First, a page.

Just after a Labor Day tradition of breakfast at Art Cliff Diner with friends, Don McKillop and Susan Davy sit together on a navy leather couch in their living room. Paintings cover the walls, sculptures rest on end tables and a rack of postcards stands tall in the corner. In addition to this being their living room, it is also the Dragonfly Fine Arts Gallery which the couple owns and operates.
Columbus Day weekend will mark an end and herald a beginning for Mr. McKillop and Ms. Davy.
“We’re composing the next chapter of our lives and it’s exciting,” Ms. Davy said. “We’re embracing the risk and reward of uncertainty.”
After five years the couple is closing the Dragonfly Fine Arts Gallery and taking this moment to explore new possibilities.
It has been a good run. In their farewell letter the couple wrote: “During our five years we were honored five times with a Best of the Vineyard award. We welcomed over 15,000 visitors, represented some 75 different artists, participated in 10 Arts District strolls, put out the ‘open’ flag some 650 times.”
On the long list of events, art and accomplishments of the last five years, it’s the artists and customers Mr. McKillop and Ms. Davy remember most fondly.
“One of the things that I’ve enjoyed the most is the people that we’ve met,” Mr. McKillop said. “Our visitors are just wonderful and I’ve always said having this gallery is really great because everybody that comes through the door is happy. It’s one of the few times that they can explore art. They get back to Boston or New York or Washington and their lives are too busy with everything else. When they come in they love the experience and we love to meet them.”
“In one of my lifetimes I was a Montessori teacher and school director,” Ms. Davy said. “I really love sharing the art with the children who come in the door and I so enjoy the wonder. There are children who bring us artwork that they’ve done over the years to share with us. They’re very, very earnest and they’re thrilled when you spend time with them.”
Mr. McKillop cleared his throat and added, “we develop these annual relationships that get renewed every spring and so we’ll miss that tremendously. It kinda chokes us up.”
The couple said that the artists they represent have been tremendously kind and supportive.
“We have really close relationships with a lot of these artists,” Ms. Davy said. In one of her favorite stories Ms. Davy and Mr. McKillop were driving across the country when they stopped to spend a few nights in New Orleans. They walked into a cooperative gallery in the French Quarter and discovered the artwork of Wanda Wiggins. The artist describes her work as “African-influenced, contemporary mixed-media.”
Ms. Wiggins wasn’t at the gallery that day, but they emailed her, told her about Dragonfly and said that they thought her work would do well on Martha’s Vineyard.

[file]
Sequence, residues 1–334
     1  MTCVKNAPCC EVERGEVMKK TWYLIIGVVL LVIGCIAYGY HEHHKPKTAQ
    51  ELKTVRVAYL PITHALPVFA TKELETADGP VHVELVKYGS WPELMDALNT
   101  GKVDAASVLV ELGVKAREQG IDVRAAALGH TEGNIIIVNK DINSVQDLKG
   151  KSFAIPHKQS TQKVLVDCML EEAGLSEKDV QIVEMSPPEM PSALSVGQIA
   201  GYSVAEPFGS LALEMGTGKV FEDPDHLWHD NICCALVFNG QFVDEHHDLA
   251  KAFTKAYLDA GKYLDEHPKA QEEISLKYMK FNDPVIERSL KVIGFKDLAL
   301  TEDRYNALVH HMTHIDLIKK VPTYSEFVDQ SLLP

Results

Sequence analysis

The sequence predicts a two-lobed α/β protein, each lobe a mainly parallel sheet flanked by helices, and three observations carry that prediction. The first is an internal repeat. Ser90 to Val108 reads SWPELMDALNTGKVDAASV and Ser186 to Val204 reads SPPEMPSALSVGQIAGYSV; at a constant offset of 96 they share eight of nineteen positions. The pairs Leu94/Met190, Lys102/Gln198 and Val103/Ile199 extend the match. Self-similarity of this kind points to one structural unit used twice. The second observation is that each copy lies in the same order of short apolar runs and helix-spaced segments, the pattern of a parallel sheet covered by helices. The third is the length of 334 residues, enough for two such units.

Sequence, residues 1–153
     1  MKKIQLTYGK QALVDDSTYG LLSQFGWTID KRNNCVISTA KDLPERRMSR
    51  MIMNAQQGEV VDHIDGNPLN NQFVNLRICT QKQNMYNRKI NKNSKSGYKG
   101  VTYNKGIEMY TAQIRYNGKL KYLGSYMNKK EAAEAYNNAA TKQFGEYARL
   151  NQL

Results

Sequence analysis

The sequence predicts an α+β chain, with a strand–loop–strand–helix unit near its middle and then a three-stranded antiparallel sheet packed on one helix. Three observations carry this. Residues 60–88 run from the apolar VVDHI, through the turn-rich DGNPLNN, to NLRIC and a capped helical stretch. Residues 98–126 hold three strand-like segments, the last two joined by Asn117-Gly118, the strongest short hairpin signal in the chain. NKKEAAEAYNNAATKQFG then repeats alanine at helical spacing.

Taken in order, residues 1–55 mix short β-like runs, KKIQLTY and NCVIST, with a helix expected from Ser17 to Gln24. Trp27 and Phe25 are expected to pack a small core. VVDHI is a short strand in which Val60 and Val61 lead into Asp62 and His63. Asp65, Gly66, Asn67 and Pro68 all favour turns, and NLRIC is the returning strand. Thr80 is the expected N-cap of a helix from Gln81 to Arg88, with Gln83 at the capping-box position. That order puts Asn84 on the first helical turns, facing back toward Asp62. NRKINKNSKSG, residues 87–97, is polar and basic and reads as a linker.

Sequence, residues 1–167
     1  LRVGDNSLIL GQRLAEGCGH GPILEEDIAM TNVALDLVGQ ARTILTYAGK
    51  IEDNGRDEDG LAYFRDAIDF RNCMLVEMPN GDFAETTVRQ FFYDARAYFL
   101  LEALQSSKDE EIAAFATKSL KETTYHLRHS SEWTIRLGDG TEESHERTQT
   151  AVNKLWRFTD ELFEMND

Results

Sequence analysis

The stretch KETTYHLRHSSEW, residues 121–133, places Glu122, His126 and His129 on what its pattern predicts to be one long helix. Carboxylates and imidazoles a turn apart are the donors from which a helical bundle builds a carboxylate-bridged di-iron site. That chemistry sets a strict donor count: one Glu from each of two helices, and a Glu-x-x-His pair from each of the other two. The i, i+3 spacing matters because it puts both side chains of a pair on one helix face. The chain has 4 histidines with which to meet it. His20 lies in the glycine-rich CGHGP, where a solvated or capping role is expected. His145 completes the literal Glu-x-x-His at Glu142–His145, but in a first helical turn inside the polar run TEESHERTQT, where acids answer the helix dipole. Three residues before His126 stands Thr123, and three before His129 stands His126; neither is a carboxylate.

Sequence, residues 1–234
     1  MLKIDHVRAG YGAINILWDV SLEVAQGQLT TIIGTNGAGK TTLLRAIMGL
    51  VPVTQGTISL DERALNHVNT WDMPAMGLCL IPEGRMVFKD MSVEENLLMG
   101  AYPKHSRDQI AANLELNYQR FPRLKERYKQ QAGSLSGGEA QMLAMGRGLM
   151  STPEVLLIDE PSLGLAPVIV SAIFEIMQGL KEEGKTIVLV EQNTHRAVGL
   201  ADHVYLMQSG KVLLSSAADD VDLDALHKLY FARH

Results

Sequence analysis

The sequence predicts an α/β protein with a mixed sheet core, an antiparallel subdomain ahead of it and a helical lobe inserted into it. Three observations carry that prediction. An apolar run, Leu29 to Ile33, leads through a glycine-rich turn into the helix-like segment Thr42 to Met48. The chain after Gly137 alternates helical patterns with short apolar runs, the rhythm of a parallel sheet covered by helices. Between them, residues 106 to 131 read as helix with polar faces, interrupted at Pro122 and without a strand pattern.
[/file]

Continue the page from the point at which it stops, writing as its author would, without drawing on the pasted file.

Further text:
“So we’ve carried her work for three years and each year we’ve sold more and more and more,” Ms. Davy said. “That’s really fun, to discover somebody, to introduce them, and then to see them succeed. That’s kind of the ultimate reward.”
Artists are supportive of the gallery owners as they make this change in life and work; some have even given a piece of their art to the couple as an expression of their appreciation. With their closing around the corner, Ms. Davy and Mr. McKillop are suggesting connections between artists and Island galleries where they see a potential relationship.
The artists are also brainstorming with the couple about what the gallery’s next incarnation might be. “We will entertain a full range of options for the physical building,” Ms. Davy said. “It could be a popup for a creative person, an artist’s workshop, a retreat center; we’re looking for something that’s not labor-intensive for us.”
Ultimately the decision to close was driven by the desire for more time. Time to spend with their 10 grandchildren who are scattered up and down the east coast, time to enjoy their Island in the summer months and time to create their own work. Ms. Davy is a photographer and Mr. McKillop is a painter.
“This past winter we spent two months in Santa Fe and I created a body of work,” Mr. McKillop said. “That was probably the first time in five years that I was able to have access to a studio and the time to create a body of work like that. In doing that I discovered there were so many other things that I haven’t explored because I’ve been away from the studio.”
Dragonfly Gallery will host two receptions before they close — one on Saturday, Sept. 7 from 5 to 7 p.m. and another on Saturday, Oct. 5, from 5 to 7 p.m.
“This is a good time of year when we can really spend time with the people who come,” Mr. McKillop said.
“We’re at a moment where we can pause and think about the next chapter,” Ms. Davy added. “It’s a little scary. And exciting.”
Dragonfly Fine Arts Gallery is located at 91 Dukes County avenue in Oak Bluffs. More information can be found on their website mvdragonfly.com.